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Tuesday, May 24, 2011

The next best seller is coming along nicely...

I have had a few readers ask me lately when my next book will be coming out. The truth is I don't know!

For the last eight years I have been occupied with the thing called "career" as I rose to being a senior executive. While I liked to think it didn't interfere with my writing, the truth is it did. I will be the first to admit I am not superwoman. After a day at the executive grindstone, I would crawl home from work too tired to do much more than throw some food on the table, watch an hour of mindless TV and go to bed. Weekends were then spent catching up on cooking, shopping, cleaning and life. So those spare five minutes on a Saturday afternoon were not terribly productive. I could feel all my creativity just disappearing. I couldn't write and I couldn't sew - my two creative outlets. All I had was work.

In November last year I quite suddenly found myself "differently employed". The circumstances don't is one of the realities of corporate life and the higher up the ladder you are, the shakier it becomes. If anyone has ever found themselves in the same position you will know that it is a horrible experience and despite all the silver linings (and there are plenty!), it shatters your sense of self.

I suppose I am more fortunate than most. I didn't feel defined by my career. I realised that I had one solid rock to cling to and that was my writing. While I don't think my "career" is completely over, I have consciously taken the time out to consider where it was going and, more importantly what it was doing to me (I think that is the subject for another blog).  In the meantime I have thrown myself into my alternate career - writing.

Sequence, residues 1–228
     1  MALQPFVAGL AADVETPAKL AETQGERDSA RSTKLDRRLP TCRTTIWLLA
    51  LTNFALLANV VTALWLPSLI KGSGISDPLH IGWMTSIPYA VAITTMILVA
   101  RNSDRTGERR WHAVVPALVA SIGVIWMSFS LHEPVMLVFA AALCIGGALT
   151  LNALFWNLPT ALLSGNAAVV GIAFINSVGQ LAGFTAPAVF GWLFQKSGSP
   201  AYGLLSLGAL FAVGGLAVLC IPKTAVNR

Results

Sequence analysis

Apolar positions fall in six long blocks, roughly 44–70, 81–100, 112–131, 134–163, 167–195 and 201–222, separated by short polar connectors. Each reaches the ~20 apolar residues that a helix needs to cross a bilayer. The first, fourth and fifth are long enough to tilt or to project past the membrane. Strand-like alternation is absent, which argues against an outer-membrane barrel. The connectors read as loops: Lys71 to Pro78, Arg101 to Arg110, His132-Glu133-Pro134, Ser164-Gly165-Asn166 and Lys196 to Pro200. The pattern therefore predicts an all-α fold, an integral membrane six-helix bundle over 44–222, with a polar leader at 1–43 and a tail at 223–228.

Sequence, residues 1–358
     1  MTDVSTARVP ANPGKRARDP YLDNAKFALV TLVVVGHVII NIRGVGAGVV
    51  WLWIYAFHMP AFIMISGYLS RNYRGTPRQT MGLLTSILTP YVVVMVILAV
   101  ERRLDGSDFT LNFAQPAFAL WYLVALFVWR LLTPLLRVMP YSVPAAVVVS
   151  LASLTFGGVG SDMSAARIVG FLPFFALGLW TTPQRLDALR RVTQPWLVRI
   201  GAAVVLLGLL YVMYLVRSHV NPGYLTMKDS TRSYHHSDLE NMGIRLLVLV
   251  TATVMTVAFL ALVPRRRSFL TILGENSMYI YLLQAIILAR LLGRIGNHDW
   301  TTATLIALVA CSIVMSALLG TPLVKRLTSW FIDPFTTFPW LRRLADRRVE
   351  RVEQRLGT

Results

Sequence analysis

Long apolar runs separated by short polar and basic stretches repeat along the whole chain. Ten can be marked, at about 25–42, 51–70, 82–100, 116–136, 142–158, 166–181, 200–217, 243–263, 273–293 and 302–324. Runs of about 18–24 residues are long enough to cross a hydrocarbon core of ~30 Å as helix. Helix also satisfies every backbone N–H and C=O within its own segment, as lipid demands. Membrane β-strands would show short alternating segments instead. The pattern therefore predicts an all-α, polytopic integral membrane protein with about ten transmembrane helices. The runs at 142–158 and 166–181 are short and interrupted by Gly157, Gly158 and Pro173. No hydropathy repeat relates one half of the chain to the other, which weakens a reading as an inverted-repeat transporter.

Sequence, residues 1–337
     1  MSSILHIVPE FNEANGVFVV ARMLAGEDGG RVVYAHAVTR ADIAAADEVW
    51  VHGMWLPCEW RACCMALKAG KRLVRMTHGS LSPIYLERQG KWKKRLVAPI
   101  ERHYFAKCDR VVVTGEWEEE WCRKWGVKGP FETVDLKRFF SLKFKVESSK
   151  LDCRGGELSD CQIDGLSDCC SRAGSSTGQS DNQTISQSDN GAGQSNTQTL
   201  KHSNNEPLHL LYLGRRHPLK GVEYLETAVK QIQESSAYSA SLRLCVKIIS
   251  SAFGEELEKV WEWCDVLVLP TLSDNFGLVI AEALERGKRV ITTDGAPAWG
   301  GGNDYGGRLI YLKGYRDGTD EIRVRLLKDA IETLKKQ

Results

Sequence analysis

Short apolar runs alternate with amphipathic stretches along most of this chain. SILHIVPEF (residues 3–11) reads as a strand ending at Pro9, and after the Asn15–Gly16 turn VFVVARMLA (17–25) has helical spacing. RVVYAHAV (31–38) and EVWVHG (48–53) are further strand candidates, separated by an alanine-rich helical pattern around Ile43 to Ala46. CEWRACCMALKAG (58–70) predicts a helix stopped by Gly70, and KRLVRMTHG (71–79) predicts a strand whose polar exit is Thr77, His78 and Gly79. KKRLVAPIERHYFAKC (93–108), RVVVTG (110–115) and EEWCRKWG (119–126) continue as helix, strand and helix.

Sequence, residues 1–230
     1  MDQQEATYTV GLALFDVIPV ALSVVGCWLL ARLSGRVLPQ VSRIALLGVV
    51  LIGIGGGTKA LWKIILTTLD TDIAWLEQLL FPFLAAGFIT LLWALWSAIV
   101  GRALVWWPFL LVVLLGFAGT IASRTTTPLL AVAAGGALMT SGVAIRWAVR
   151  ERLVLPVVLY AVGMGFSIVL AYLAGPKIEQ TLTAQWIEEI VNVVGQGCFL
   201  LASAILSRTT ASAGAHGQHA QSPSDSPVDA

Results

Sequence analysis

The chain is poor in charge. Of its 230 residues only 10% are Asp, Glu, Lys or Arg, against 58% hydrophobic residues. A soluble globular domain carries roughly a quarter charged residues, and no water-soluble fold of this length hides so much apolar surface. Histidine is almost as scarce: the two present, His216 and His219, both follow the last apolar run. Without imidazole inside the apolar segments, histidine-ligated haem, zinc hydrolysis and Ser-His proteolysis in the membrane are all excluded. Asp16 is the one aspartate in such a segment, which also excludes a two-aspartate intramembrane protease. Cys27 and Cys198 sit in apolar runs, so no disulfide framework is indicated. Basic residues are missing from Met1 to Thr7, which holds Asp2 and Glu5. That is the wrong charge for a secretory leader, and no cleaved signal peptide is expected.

The reality is that By the Sword and The King's Man were mostly written during my time in Singapore where once again I had found myself "differently employed" (as an expat wife). What this means is that I have a cyber sock drawer stuffed with ideas and half started novels but nothing close to submission quality so I have set myself this year to finish some of those "UFOs" (Unfinished Objects).

I believe the best tool of writing is "time" and by that I mean setting your work aside to "set" for a while (months is good) and then coming back to it with fresh eyes. My writing style is to complete a rough draft (and I mean ROUGH) - the plot may change from the beginning to the end, it will have missing chunks with "put more stuff here" annotated into the manuscript but what it will be is the skeleton of the story. I will then put it away and pull out the ugly object some months later and begin my favourite part, the rewrite. This is like putting flesh on the bones, or for an artist starting to apply the paint to a rough sketch. This process will need to be repeated several times as you deepen the layers of paint, add complexity to the characters and depth to the plot. It is like any craft, it needs to be done with care and love and above all, time.

Time is not a commodity that many professional writers enjoy. There are nasty things called "deadlines" so the honing of their work needs to be tailored to meet that deadline. I suspect this is why so many writers first couple of books are infinitely better than their subsequent books (until they get into a rhythm of writing).

So where am I at? I currently have four pieces of work on the various burners of my literary stove.